Farmers in Seychelles asked to develop large-scale farming on outer islands
The farmers this week took a tour of Coetivy, one of the islands earmarked for farming, organized by the Islands Development Company, which is responsible for the development of these islands. (Seychelles Nation)
(Seychelles News Agency) - Farmers in Seychelles are being asked to develop large-scale agriculture on the outer islands of the archipelago.
The farmers this week took a tour of Coetivy, one of the islands earmarked for farming, organized by the Islands Development Company, which is responsible for the development of these islands. The company is hoping to partner up with the farming community for crop and livestock farming.
Christian Lionnet, the deputy chief executive of the company, said the visit follows meetings held during the last few months to discuss the idea and the way forward following a decision taken by the board of directors early this year to turn Coetivy into an agricultural island.
According to Lionnet, Coetivy is one of the most fertile outer islands and is suitable for farming on a commercial basis.
The farmers on the visit represented communities from Mahe, Praslin and La Digue, the three main islands of Seychelles – 115 islands in the western Indian Ocean.
|Lionnet said Coetivy is one of the most fertile outer islands and is suitable for farming on a commercial basis. (Seychelles Nation) Photo license: CC-BY|
Apart from visiting the areas made available for farming, the group also saw some of the living quarters, clinic, warehouses as well as shop, facilities used the Seychelles Market Board (SMB) during the prawn farming days.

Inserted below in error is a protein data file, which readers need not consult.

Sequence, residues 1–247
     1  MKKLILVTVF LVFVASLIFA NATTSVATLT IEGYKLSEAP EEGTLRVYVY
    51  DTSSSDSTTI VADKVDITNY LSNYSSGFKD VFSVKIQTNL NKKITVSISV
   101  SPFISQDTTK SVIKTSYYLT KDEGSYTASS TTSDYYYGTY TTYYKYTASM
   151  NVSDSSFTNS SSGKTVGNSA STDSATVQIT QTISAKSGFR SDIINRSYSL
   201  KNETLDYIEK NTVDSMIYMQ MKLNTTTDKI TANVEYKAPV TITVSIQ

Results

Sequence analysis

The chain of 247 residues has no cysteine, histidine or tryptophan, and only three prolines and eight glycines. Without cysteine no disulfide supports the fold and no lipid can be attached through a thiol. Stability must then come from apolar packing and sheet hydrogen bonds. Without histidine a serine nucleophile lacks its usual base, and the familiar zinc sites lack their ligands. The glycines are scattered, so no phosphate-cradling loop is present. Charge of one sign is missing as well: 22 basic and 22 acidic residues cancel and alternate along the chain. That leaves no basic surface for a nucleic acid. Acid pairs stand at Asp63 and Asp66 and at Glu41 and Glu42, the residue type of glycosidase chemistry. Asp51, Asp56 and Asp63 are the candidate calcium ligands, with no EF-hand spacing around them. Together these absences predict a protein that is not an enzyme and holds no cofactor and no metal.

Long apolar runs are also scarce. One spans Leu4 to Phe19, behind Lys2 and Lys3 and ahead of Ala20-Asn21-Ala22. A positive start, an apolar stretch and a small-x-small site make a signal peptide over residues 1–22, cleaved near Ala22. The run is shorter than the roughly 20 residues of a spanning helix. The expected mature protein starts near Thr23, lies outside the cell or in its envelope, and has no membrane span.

Roger Morel, from the La Digue Farmers’ Association, acknowledged the agricultural potential of the island and encourage farmers on La Digue, to think of investing in farming on Coëtivy.
Jean-Paul Geffroy, from the Agricultural Producers Association Seychelles (Apas), said there is the potential for large scale agriculture on Coetivy but that “due to the remoteness of the island, it would be difficult for a farmer to venture on his own other than do it collectively.”
According to IDC if all goes to plan, by the end of 2020, a working agreement is expected to be reached between the company and potential partners to set the way forward for the start of cultivation by next year and with the first harvest expected by mid-year.
The island was traditionally used for agriculture and up to 2006 and had Seychelles only aquaculture plant, for prawn farming and then used as a prison facility. (Aubrey Lesperance ) Photo license: All Rights Reserved
Coetivy is a coral island situated 290km south of the main island of Mahe. The island was traditionally used for agriculture and up to 2006, Coetivy had the island nation’s only aquaculture plant, for prawn farming. After that, it was used as a prison facility.